SALT LAKE CITY — Following intervention motions by a coalition of journalists, a judge ruled Thursday to unseal the criminal charges filed against three teenagers in connection with the death of West Valley police officer Cody Brotherson.

Court officials said Thursday that the charging documents won't be made available until Friday.

Third District Juvenile Judge Kim Hornak said defense attorneys from the three teens had not offered a sufficient or specific reason to keep the charges sealed. Under Utah law, felony criminal cases for juveniles 14 and older are presumed to be open to the public unless "good cause" can be shown otherwise.

"If this court were to accept the juveniles' arguments, then all juvenile court hearings would be closed to the public and the media," Hornak wrote, noting that the attorneys were also asking to close all hearings in the case.

The judge also said that keeping the filings and the proceedings private without good cause would be contrary to state law.

In writing the law, the judge said, "the Utah Legislature likely considered such public policy arguments raised by the juveniles as to possible detrimental effects on employment and rehabilitation and enacted the current law with the intention that juvenile court hearings are presumed open to the public."

Brotherson was attempting to lay down spike strips Nov. 6 to stop a reported stolen car his fellow officers were chasing when at least one officer saw that vehicle swerve toward Brotherson, striking him and likely killing him on impact. The three teenagers believed to have been inside the car were arrested at two nearby houses across the street from each other.

Charges against the three boys — ages 14, 15 and 15 — were originally filed under seal, leaving the public in the dark about what allegations they are facing in the police officer's death.

A coalition of media — including the Deseret News, KSL-TV, KSL Newsradio, ABC 4, KUTV, Fox 13, the Salt Lake Tribune and the Utah Headliners Chapter of the Society of Professional Journalists — filed a motion to intervene in the case, asking for the charges to be released and opposing efforts by defense attorneys to bar reporters and the public from hearings for the teens. The motion was argued at three separate hearings this week, one for each teen.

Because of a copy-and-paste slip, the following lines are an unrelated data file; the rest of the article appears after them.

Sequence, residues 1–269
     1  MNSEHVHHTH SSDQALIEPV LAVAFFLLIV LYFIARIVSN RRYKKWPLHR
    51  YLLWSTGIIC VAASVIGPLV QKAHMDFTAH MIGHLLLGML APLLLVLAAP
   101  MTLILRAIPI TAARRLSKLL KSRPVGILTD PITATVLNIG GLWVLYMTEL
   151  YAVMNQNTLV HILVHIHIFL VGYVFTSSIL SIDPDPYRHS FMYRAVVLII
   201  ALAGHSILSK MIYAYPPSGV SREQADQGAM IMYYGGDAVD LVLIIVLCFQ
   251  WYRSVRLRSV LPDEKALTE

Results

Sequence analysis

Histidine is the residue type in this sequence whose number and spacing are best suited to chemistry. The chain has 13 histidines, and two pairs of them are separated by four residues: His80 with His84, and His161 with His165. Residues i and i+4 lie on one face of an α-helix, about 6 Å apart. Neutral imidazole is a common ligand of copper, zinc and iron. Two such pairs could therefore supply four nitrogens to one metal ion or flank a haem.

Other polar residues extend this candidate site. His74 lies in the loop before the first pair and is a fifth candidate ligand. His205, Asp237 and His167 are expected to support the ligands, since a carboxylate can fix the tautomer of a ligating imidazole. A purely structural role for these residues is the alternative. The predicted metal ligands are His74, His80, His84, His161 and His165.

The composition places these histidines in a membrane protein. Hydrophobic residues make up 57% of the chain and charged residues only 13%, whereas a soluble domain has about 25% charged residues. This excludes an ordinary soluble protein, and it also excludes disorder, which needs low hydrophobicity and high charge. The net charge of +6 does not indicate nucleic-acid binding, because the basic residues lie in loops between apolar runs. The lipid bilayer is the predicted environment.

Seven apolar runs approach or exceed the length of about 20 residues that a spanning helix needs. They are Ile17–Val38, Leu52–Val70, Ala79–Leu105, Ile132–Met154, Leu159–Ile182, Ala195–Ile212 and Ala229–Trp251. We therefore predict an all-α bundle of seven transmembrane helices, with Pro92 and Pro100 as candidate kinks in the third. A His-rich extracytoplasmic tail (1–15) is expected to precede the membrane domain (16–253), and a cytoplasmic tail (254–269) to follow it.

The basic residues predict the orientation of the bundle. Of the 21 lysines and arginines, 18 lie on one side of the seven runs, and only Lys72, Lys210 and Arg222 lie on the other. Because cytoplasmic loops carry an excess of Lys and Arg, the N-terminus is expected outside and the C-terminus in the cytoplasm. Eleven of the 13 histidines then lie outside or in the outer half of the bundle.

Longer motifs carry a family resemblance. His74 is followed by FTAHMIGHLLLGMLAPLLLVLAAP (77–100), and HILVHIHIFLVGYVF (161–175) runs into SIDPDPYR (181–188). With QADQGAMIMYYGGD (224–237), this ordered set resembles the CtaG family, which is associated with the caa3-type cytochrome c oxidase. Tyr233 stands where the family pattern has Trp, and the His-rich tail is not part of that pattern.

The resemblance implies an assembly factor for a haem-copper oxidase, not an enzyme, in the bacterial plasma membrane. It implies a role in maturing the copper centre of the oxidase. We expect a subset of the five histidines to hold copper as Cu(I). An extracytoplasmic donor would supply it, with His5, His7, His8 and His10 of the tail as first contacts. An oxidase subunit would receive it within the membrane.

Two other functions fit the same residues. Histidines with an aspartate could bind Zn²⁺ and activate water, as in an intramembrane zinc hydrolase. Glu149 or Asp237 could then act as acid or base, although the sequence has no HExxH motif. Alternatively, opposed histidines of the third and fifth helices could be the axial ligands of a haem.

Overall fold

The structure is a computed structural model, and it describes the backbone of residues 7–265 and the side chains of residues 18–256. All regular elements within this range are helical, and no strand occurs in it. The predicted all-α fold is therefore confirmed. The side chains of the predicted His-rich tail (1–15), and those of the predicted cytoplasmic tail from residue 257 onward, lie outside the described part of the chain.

Defense attorneys representing the three boys argued this week that releasing details about the charges against them would undermine the juvenile court's ability for rehabilitation and could psychologically damage the boys.

Steve Miller, the last of the three attorneys to argue against the case being opened to the public, criticized reporters and accused the media of seeking "shock value" in headlines about the case.

"Rarely do I see a truly educational and informative approach (from reporters)," Miller said. "This is not the time for untrained and unrestrained and consequently insensitive media to make inroads into the juvenile system."

Attorney Mike O'Brien, who represented the media coalition, said that the public has been impacted by Brotherson's death, and without knowing what happens in the court proceedings, will not be able to heal.

O'Brien called the case a "classic example" of the kind of scenario legislators were considering — a need for public access to ensure transparency in cases of juveniles accused of serious crimes — when the decision was made to open criminal proceedings for young offenders.

Prosecutors have not specified whether they will seek to have the case transferred to district court, where the teens would face the charges as adults.

Court officials said early on that closure was done at the behest of prosecutors from the Salt Lake County District Attorney's Office. However, prosecutor Sandi Johnson said the motion to seal filings in the case and exclude the public from hearings was filed by a defense attorney who, at the time, represented all three juveniles.

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Because the motion was filed before any changes were handed down and the teens weren't facing any felony allegations at the time, their records would have been closed under Utah law regardless, Johnson said, and the order was signed by Hornak with no objection from prosecutors.

Now, Johnson said, felony charges have been filed against the teens and prosecutors are not objecting to the media's efforts to unseal the charges and other records that would be public under Utah law, or reporters' presence in future hearings.